Gitmo As Hot Zone Research Center?

i-1944980b4f3a1f9265153b6af883fdc5-hot_zone.jpgInteresting editorial in PLoS Genetics:

Reports that the Bush administration has expressed an interest in closing the Guantanamo Bay detainee facility in Cuba [1], colloquially known in the US as “Gitmo,” could stimulate a new chapter in US foreign policy. By converting Gitmo into a biomedical research institute dedicated to combating the diseases of poverty in the Western Hemisphere, we can tap into a little known, but highly effective tradition of vaccine diplomacy that we first began 50 years ago at the height of the Cold War [2],[3].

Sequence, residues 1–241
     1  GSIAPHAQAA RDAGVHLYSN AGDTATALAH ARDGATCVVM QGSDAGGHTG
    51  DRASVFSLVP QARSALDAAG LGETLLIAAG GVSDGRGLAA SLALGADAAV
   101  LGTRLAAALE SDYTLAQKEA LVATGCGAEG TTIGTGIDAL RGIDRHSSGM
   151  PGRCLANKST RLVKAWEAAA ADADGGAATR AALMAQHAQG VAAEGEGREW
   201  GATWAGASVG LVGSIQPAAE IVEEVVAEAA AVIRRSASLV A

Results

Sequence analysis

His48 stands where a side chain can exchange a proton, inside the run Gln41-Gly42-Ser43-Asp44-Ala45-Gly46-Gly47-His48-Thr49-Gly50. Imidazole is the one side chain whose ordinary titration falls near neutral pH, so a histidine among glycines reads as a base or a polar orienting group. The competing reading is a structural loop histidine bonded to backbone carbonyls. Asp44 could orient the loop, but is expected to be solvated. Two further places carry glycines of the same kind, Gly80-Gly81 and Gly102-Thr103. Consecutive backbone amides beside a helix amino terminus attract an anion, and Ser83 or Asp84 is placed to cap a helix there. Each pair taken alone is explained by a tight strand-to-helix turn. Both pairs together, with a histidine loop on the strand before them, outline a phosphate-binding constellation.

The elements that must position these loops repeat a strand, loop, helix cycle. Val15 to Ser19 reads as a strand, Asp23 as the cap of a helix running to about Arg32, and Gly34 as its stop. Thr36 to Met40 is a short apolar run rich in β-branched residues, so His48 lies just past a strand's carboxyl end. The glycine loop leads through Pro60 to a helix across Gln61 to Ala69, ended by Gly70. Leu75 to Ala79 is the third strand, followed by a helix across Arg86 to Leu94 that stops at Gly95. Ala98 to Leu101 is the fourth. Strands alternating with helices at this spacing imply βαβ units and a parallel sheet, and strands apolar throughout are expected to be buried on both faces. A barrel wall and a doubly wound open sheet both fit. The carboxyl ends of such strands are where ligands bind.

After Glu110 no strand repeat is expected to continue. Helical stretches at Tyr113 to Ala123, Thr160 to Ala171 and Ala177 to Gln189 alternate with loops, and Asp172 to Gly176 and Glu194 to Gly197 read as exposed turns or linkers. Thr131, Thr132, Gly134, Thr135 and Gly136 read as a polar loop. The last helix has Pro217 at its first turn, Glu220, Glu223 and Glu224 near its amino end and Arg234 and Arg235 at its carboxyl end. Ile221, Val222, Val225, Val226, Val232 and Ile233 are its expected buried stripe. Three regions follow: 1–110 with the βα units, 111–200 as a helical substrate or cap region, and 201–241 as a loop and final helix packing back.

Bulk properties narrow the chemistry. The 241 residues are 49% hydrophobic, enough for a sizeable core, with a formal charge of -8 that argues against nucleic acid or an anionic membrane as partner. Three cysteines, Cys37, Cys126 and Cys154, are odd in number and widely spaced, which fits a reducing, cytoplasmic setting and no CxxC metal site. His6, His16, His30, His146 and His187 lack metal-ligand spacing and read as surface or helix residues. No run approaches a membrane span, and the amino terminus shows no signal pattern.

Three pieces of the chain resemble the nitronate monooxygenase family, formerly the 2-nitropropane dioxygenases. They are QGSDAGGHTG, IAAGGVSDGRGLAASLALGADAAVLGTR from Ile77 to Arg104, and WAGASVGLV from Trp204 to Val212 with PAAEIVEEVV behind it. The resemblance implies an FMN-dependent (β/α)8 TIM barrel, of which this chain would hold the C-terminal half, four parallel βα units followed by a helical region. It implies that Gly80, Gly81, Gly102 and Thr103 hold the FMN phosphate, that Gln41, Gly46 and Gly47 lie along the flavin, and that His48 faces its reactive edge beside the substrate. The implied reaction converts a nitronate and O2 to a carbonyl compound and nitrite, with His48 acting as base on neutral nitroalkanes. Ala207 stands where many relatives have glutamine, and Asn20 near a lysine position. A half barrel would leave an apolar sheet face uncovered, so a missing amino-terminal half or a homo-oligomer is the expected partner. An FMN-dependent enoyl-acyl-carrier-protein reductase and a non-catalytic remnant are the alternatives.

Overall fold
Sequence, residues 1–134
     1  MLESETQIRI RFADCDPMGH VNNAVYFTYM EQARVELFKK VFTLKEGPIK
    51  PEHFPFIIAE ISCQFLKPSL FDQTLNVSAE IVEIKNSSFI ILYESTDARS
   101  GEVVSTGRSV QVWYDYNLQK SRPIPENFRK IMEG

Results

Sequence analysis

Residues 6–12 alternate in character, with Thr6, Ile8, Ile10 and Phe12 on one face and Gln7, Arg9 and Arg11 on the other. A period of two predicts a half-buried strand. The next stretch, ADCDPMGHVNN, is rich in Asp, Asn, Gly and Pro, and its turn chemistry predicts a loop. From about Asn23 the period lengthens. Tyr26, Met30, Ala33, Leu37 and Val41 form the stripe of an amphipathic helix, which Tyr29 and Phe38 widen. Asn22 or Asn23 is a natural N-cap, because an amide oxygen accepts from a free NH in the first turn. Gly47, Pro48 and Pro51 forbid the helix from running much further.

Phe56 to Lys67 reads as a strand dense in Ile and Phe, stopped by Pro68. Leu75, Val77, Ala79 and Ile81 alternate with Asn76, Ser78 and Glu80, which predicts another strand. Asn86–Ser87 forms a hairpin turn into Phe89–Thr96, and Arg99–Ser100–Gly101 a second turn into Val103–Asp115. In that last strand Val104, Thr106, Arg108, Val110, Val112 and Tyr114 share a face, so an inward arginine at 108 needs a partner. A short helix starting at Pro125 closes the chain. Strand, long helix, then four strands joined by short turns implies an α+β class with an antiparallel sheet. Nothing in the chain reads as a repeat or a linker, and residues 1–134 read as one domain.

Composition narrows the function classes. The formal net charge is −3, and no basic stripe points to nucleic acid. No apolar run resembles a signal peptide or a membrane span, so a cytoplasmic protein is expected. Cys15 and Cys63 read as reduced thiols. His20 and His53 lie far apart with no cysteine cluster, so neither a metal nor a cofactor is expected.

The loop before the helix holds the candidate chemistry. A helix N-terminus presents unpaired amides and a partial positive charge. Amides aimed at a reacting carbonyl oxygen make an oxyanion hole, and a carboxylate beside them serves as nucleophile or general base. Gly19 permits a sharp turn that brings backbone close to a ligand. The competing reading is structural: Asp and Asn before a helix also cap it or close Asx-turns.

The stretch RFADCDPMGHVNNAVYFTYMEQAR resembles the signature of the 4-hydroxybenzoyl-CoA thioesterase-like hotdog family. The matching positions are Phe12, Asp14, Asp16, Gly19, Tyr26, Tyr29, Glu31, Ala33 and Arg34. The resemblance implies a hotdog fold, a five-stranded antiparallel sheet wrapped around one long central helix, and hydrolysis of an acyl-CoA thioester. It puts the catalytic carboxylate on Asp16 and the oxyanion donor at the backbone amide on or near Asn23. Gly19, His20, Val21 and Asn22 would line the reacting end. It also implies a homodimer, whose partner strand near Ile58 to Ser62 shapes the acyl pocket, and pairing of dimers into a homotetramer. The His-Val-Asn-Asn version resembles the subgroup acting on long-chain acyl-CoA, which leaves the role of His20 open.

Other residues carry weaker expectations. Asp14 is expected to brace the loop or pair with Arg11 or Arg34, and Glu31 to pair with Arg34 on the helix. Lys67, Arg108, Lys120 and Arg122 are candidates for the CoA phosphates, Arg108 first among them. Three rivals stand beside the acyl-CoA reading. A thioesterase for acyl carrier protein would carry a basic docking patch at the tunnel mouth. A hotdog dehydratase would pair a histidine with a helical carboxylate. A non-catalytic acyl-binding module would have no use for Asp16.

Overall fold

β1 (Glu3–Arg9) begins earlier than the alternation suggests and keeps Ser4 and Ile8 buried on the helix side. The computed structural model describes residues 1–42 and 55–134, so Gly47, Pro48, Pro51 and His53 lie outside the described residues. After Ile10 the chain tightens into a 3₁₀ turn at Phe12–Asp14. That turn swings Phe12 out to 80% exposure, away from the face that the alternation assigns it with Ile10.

In the 1950s, polio epidemics were ravaging the major urban centers in the United States and in the Soviet Union. Children were the chief victims in both countries. The devastation wreaked by the polio outbreak spurred the establishment of new polio research laboratories in Moscow and in the US at Jonas Salk’s laboratory in Pittsburgh, Pennsylvania and at Albert Sabin’s lab in Cincinnati, Ohio.


Hotez PJ (2008) Reinventing Guantanamo: From Detainee Facility to Center for Research on Neglected Diseases of Poverty in the Americas. PLoS Neglected Tropical Diseases 2(2): e201 doi:10.1371/journal.pntd.0000201

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